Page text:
Real & Private Fixed Investment

A nice pair of charts from the St. Louis Fed explains part of our fears for a contraction in the coming quarters. Note the shaded gray areas are prior recessions.


Private Fixed Investment


Note that both of these charts goe negative (as the top one did sometime ago) prior to any recessions.

Real Nonresidential Investment

The bright spots? The above chart has not yet slipped into the Red zone.

Also positive (albeit somewhat anecdotal) approach is this academic analysis below:


Academic studies* have shown that a spike in the number of stories appearing each month in the printed editions of the New York Times and Wall Street Journal that mention "recession" runs somewhat ahead of the actual economic contraction.

The rationale for this indicator is that periods of below-trend growth of sales, production, employment, and profits spur an increased awareness of the possibility of a recession developing. This awareness shows up as recession chatter in the financial press.

There are a few things to notice in the chart: First, “recession” stories seem to exhibit normal business cycle characteristics; the number of stories rises during periods of slow growth and recession and remains low during periods of economic expansion. Second, recession stories seem to peak toward the end of the recession, or shortly after, and then fall sharply—which suggests that this indicator might be useful in helping identify troughs,
though perhaps less so for peaks . . . Finally, despite a noticeable jump in the number of
“recession stories” in the Wall Street Journal in March 2007, both series remain at levels consistent with economic expansion.

Fascinating stuff . . .


Recession Rumblings
Kevin L. Kliesen
Federal Reserve Bank of St. Louis
May 2007

* Academic studies:
“Is a Recession Imminent?”
John Fernald and Bharat Trehan,
Federal Reserve Bank of San Francisco Economic Letter,
Number 2006-32, 11/24/06.

“Identifying Business Cycle Turning Points in Real Time”
Marcelle Chauvet and Jeremy M. Piger,
Federal Reserve Bank of St. Louis Review,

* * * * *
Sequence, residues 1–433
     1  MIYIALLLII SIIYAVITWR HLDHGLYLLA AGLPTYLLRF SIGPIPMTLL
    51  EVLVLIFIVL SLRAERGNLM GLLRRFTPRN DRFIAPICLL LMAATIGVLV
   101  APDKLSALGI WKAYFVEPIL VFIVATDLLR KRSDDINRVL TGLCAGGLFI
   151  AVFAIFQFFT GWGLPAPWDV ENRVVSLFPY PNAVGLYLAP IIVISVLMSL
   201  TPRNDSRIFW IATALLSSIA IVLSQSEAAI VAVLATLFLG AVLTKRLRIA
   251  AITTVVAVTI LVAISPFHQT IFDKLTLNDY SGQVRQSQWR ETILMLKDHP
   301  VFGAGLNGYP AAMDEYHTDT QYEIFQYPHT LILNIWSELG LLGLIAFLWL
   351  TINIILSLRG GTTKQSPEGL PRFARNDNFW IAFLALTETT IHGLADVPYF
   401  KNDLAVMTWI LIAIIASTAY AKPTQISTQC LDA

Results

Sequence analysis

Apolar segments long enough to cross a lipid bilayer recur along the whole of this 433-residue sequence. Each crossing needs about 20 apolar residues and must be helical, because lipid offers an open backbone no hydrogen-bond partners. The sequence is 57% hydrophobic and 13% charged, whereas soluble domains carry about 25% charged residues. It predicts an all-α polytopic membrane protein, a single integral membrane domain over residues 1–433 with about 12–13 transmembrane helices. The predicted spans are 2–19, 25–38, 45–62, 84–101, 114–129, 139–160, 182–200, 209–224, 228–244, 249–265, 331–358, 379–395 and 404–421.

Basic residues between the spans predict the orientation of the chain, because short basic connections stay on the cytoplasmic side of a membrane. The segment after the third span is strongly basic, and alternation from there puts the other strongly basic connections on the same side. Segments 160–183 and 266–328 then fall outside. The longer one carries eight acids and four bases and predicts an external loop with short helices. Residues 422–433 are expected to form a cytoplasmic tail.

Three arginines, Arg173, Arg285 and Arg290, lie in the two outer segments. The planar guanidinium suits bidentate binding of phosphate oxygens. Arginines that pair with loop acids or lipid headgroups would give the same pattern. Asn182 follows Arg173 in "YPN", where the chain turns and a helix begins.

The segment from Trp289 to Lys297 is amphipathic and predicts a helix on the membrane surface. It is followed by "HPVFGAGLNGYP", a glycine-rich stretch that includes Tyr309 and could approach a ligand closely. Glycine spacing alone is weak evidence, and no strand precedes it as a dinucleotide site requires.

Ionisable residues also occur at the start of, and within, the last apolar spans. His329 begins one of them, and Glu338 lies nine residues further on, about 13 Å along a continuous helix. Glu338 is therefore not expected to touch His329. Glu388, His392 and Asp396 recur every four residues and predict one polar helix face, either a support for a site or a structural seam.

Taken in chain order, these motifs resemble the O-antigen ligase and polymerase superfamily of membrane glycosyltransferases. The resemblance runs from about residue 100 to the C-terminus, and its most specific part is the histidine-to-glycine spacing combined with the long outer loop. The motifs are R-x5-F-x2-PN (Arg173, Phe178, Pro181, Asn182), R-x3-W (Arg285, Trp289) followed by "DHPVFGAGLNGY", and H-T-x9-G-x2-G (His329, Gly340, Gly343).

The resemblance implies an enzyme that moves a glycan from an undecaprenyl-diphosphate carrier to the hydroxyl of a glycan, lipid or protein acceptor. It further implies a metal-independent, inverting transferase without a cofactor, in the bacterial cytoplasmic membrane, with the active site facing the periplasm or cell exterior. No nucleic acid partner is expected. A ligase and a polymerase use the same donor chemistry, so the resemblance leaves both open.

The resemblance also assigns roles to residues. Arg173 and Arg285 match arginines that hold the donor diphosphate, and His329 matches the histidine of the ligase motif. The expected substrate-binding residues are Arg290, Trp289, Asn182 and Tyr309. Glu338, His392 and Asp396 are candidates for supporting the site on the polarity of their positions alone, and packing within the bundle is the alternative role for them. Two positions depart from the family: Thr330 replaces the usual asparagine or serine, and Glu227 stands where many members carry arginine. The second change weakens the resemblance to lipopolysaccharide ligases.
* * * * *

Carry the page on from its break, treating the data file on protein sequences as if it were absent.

March/April 2003, 85(2), pp. 47-61.

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What's been said:

Discussions found on the web:
  1. jmf commented on May 29

    “read me goldilocks, again, dad. but this time get more growling in the bears part”

  2. V L commented on May 29

    The consensus for Q1 GDP is to be revised down to 0.7%. A trader on Bloomberg just said that the consensus is for the GDP to be revised up secondary to the strong housing numbers.

    I am puzzled about the trader’s statement.
    Does anybody have any idea as to what the guy was talking about? I am puzzled about his statement.

  3. Christopher Laudani commented on May 29


    Larry Kudlow told me that we would never ever ever have another recession because the economy is the greatest story never told. Jeeze, get with the program.

  4. Winston Munn commented on May 29

    “A trader on Bloomberg just said that the consensus is for the GDP to be revised up secondary to the strong housing numbers.

    I am puzzled about the trader’s statement.”

    Gee, me too, V L. Hard to imagine how April housing numbers can improve a quarter that ended in March. A puzzler, for sure. GDP ex-calenders?

    Was he smoking crack? Or maybe he had just taken the “red pill”?

  5. DavidB commented on May 30

    I wonder how ubiquitous those recession stories are? If they are everywhere they actually could be influencing the public’s spending behavior which might actually exacerbate the recession.

    Is it possible that the media’s meddling has a part to play?

  6. Hedge Fund commented on Jan 24

    Looks like these were some signs of upcoming trouble. These past 3 weeks have made the late summer/fall volatility look like small bumps in the road.

    – Richard

  7. Hamed Elbarki commented on Apr 16

    Very interesting stuff. Thanks for posting the charts as well, it always helps to see a visual.

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